4 Time Management Strategies for Marketers

This post was originally published in June 2017 and was updated and rewritten for freshness in February 2021. 


It’s a new day.

You brush your hair, scrub your teeth, and put on a pair of pants. Then, drive to the office and sit down at your desk, soaking in the morning sunshine.

Well, that was then. Now you might roll out of your bed into your desk chair with bedhead and pajama pants. It all depends on whether or not you “need” to get dressed to be productive.

As you log on, you notice that your coworker wants to get started on next Thursday’s blog post.

You begin brainstorming blog ideas, reading articles on closely related topics. As you start to jot one down, you get a ping from your coworker asking you if you could share today’s blog post. You schedule one Twitter post before another coworker has an urgent request for copy.

Before you know it, your day is more than half over. All those extra projects you wanted to start have been left by the wayside as you scramble from one task to another, trying fruitlessly to keep track of what you are doing.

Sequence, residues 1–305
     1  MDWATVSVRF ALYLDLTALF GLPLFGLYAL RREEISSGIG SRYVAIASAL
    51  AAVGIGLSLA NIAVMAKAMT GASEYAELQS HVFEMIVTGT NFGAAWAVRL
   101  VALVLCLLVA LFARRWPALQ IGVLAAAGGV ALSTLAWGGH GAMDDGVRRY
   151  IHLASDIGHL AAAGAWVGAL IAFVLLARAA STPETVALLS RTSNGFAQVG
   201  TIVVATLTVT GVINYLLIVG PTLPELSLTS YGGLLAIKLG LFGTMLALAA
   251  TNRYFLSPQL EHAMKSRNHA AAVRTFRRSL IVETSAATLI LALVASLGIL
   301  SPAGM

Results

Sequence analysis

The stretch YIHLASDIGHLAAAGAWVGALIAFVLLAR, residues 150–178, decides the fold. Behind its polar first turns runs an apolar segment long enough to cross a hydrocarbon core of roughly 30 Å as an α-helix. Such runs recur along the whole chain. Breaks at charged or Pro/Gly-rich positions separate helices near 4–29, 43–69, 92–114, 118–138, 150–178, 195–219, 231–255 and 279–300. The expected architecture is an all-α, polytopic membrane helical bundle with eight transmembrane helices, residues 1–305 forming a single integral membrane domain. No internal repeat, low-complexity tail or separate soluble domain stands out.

This is the reality for many marketers, who increasingly wear a diverse set of different hats. The key to getting it all done lies in using the tried and true time management strategies.

This post is designed to help you create processes to get more done.

Morning Task List/Freewriting/Updates

The first thing I do when I sit down in the morning is update and start my lists for the day. If I skip this step, I have a much less productive day.

In the past, this list has often been in a legal pad or notebook. Recently, I determined that I needed to be able to see my lists individually without having to flip through a book. These also are something I prefer to keep on paper primarily.

There, I write out a list of all the things I need to accomplish that day. I have particular lists for all the particular “subjects” in my life. I have lists for:

  • HIPB2B – I have several lists including daily, weekly, and more general lists
  • Freelance Jobs
  • Performance Arts – Business/Communications